Jancis Robinson recently wrote an article defending winemaking as an innately “craft” process*, and displayed deep concern over beer and spirits capturing the hearts and taste buds of the younger generations of craft beverage consumers. Robinson clearly feels threatened by the upswing in craft beer and spirits. The threat may be real, but the source is much more expansive.
Wine has the history and allure to stand firmly on its feet. With 10,000 years of wine history and with the first winery dating to Armenia 4100 BCE, the record shows that homo sapiens have an affinity for wine. Robinson herself also rightly highlights how the confines of vintage – a single chance each season – set wine apart from spirits and beer. Winemakers must work with the weather and climate to produce a wine that will undoubtedly range in style and quality due to the growing conditions. Beer and spirits, on the other hand, can be made much more consistently with an ability to scale volume rapidly.
The wine industry has reason for concern, and the rise of craft beer and spirits points to the heart of the issue without being the source. Craft wine costs more than craft spirits or beer. Craft wine starts at $12-$15, and more frequently sells for $20-$50 per bottle on retail shelves. This averages out to $4.00-$10.00 per drink SRP (5 oz pour). Craft beer often falls in the $1.50-$4.00 per drink (12 oz), and craft spirits cost $1.00-$3.00 per drink (1.5 oz). Simple economics pushes many younger drinkers toward craft beer and spirits – it costs less to enjoy something authentic, especially when drinking at home (also a trend that now pains the restaurant industry). My Millennial generation, of which I’m an elder, is the first generation to have “less” than our parents, and this will only become more evident as we age and retire. School debt, retirement woes, and slower and later wealth accrual adds up to a diminished economy for all. Craft beer and spirits enable younger generations to support smaller and local businesses while living within their means.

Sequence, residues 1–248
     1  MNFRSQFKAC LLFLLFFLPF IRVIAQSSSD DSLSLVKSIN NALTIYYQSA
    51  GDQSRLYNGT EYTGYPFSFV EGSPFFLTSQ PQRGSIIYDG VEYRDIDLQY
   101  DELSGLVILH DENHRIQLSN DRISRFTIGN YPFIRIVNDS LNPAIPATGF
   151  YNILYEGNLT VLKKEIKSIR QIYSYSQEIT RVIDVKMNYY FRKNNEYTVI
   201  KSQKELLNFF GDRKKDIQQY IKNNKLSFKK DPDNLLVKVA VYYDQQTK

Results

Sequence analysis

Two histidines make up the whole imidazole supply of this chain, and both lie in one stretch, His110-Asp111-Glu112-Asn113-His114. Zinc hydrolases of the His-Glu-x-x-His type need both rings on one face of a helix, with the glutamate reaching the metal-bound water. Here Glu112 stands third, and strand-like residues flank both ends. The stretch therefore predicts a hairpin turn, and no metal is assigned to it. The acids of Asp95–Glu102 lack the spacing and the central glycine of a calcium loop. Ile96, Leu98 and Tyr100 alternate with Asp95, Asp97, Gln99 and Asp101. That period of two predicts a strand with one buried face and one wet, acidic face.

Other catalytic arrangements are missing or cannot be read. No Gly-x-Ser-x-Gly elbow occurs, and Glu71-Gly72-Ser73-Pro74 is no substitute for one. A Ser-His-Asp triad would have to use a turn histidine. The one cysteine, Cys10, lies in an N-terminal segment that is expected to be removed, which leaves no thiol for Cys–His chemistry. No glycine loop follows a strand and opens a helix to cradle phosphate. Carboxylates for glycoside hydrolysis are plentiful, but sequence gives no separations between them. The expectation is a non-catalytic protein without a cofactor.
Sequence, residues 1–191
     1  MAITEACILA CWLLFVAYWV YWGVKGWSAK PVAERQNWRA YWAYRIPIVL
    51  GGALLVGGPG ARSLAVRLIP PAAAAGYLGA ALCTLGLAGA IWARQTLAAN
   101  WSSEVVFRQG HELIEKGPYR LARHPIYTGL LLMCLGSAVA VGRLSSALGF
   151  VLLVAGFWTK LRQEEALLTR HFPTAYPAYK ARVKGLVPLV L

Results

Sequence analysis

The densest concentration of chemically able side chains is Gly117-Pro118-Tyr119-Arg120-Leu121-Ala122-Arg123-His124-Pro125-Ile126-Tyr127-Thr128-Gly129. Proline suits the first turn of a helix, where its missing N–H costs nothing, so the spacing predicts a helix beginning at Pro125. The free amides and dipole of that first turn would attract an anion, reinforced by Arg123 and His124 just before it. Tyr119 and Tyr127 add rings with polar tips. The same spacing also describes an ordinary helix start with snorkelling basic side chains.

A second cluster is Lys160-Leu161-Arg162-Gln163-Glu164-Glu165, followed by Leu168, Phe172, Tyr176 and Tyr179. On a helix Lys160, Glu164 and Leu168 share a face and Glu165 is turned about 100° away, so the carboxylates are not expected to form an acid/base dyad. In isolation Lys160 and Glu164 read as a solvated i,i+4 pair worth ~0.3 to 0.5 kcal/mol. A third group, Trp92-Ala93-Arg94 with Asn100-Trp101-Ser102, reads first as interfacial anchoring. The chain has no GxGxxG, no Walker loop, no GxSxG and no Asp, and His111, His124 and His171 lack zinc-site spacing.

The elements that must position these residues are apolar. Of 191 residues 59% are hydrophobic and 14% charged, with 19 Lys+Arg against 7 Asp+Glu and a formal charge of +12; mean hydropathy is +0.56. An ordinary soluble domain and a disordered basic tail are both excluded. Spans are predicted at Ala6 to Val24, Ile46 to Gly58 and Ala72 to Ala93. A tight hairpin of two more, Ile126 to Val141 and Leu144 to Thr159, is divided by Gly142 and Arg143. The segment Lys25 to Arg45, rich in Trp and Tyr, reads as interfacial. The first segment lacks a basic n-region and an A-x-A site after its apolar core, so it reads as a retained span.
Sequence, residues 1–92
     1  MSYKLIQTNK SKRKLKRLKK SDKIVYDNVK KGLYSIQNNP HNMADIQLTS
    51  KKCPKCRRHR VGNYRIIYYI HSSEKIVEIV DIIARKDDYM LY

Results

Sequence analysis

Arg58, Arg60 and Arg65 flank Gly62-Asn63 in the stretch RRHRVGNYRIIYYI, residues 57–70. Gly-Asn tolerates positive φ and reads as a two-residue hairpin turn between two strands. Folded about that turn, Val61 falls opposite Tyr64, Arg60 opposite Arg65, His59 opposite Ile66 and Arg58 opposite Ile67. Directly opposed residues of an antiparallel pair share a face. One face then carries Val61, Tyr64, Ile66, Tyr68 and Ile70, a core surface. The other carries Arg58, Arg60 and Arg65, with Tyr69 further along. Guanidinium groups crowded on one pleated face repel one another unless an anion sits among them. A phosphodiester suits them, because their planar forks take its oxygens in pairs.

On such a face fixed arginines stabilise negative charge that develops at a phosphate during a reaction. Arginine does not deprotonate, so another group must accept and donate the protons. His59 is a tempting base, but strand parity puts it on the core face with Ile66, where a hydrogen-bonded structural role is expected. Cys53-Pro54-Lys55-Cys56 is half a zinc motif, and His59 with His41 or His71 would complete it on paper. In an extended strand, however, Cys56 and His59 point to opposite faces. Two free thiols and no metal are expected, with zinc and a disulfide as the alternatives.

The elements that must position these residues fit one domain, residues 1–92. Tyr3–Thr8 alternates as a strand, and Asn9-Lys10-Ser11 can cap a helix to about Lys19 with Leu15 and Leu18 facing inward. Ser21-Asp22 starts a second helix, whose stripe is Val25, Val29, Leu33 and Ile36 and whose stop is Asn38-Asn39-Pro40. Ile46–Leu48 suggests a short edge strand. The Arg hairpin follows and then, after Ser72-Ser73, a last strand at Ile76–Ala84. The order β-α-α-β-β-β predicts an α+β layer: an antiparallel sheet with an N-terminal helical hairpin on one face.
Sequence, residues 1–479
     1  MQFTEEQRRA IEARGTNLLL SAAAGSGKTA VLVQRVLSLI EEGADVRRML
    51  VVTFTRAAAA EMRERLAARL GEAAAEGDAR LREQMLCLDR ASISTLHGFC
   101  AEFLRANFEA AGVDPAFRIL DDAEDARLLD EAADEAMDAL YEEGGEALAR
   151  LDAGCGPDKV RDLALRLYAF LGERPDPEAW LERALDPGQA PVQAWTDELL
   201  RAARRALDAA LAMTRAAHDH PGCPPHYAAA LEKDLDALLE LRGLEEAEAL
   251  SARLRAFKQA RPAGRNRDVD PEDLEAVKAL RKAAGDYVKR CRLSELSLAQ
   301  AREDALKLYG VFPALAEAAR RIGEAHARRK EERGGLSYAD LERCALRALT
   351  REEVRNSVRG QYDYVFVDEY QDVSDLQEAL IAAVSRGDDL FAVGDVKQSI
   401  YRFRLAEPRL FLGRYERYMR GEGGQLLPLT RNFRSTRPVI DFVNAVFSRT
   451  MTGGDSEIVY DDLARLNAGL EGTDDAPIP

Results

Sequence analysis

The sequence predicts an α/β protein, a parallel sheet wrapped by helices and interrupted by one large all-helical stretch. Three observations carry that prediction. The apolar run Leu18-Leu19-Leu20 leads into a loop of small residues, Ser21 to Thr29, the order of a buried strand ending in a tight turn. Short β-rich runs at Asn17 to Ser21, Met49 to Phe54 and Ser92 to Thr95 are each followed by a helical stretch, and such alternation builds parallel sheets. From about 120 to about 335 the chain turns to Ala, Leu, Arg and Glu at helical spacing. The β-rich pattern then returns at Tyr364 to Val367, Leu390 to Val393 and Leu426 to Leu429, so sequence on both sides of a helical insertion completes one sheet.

At the same time, boomers are now moving into their fixed income retirements, and some are no longer stocking cellars. “If I buy Bordeaux or Barolo today, I won’t be alive to enjoy them in their prime.” Some are drinking their cellars down – not building them – and many will join suit soon.
And cellars will not be built by the younger generations as they were by their parents. We, the wine industry of which I am a part, should fear this. Concern over beer and spirits is misguided – it’s yelling at the river overflowing the banks, rather than the poor environmental stewardship that drained the wetlands.
I will keep enjoying craft wine and beer – though less wine than I would enjoy if societal and economic circumstances were different.
*While the bulk of the wine on the market is not craft, the majority of producers are. A few large corporations produce tens of millions of cases of wine. However, tens of thousands of boutique producers craft relatively small amounts of transparent wines.